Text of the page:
Even a little amount of research into the London Blitz will give just about any American a deeper amount of respect for the so-called stiff upper lip of the British. Ten years after the September 11 attacks, it’s worth noting that London suffered approximately seven such attacks over the course of nine months in 1940 and 1941. That’s just the deaths; there’s also the damage to some of England’s most cherished landmarks to consider, as well as the general state of terror over that time. And once you’ve grasped the degree to which London was under assault, think about this: the deaths and damage in London were only half of what all England suffered during that time.
So, honestly, I’m surprised that there haven’t been more Best Picture winners like 2010’s The King’s Speech, set in London just prior to the Blitz. The British stoicism in the face of such terror is the stuff award-winning movies are made of.
The film opens with Prince Albert, the Duke of York (Best Actor winner Colin Firth) delivering a disastrous speech at a full Wembley Stadium in 1925. Albert’s severe stutter leaves him in the contempt of all England, save wife Elizabeth (Helena Bonham Carter) and two daughters. Elizabeth hires a speech therapist (Geoffrey Rush) to help “Bertie,” who cannot hide his problem as the world moves deeper into the radio age. By the end of the film Bertie has become King George VI and must comfort his empire via radio in the face of Hitler’s aggression.
The King’s Speech is one of the most agreeable dramas I’ve ever seen. It’s not going to challenge your worldview at any point, and it doesn’t make any assertions that you’re going to disagree with. Kings have responsibilities, stuttering can be overcome, and Hitler should have been confronted: nothing at all shocking there. There’s nothing necessarily wrong with that; lots of great films are very agreeable, that’s why they’re great. However, it does put a large amount of pressure on the performers to sell the tension, because the subject matter doesn’t provide too much tension otherwise (after all, we know that Hitler will be defeated).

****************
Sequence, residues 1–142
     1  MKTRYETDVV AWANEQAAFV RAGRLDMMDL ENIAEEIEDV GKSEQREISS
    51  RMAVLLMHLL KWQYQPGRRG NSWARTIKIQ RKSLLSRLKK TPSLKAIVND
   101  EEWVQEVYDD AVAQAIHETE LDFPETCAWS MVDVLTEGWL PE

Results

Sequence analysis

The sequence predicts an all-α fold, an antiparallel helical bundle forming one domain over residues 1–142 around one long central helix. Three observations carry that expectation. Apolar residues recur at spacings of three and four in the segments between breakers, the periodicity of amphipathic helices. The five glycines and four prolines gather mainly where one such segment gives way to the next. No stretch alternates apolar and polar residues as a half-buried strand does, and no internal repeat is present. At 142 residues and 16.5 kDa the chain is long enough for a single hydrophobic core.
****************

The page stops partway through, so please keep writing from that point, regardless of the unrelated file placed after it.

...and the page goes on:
Fortunately for the movie, Firth delivers in spades. He does something I’ve never seen before, underplaying the actual act of stuttering, but almost overplaying Bertie’s frustration and humiliation as a result. One of the central conflicts of the relationship between Bertie and his therapist is that they must be as equals in order for the therapy to work, and yet he knows royalty are by definition not equal to commoners, and yet Bertie’s self-doubt makes him unconsciously believe that he is inferior to his subjects. Bertie is basically fighting a three-way war with himself, where he must sometimes assert dominion over people and be submissive to them in the same conversation, and Firth performs it perfectly. He deserved every ounce of that Oscar.
The supporting cast is good, in that you’re never going to complain about the acting, but I didn’t always like the characters that they are playing. Bertie’s predecessor King Edward (Guy Pearce), who abdicated in order to marry his American girlfriend, borders on comical villainy. Rush’s character is sort of a shaman, and Carter is playing the proverbial great woman that stands behind every good man. Neither character changes or wavers; I suppose that’s a good thing for showing us where Bertie got his perseverance from, but in the real world almost everyone has doubts from time to time. In the hands of even average actors, I suspect these characters would come off as one-dimensional.
The hidden star of the film might actually be the dialogue. At every moment where I might think the movie was too serious, it delivers some typically Britsh droll humor. A number of the scenes between Rush and Firth end with a line that sort of puts an exclamation point on the scene, a writerly trick that I often get tired of, but in this film the lines are too perfect not to admire. This film constantly flirts with taking a super-serious, Oscar-bait sort of outlook; half of the time it was Firth’s performance that pulled me back in, and half of the time it was a perfectly crafted piece of dialogue. I was not surprised that the film won an Oscar for Best Original Screenplay also.
The King’s Speech was not the best 2010 film that I saw; I would have chosen Winter’s Bone, which is a fundamentally more challenging film. But there is something to be said for a strong royal melodrama, performed perfectly by its lead and ably supported. It’s a sort of throwback to the old Hollywood, the sort of movie they don’t make anymore, and for no real reason. It makes you feel good after watching it, without feeling that your emotions were manipulated, and that’s a thing all movies should aspire to.
Reviewed by Mark Young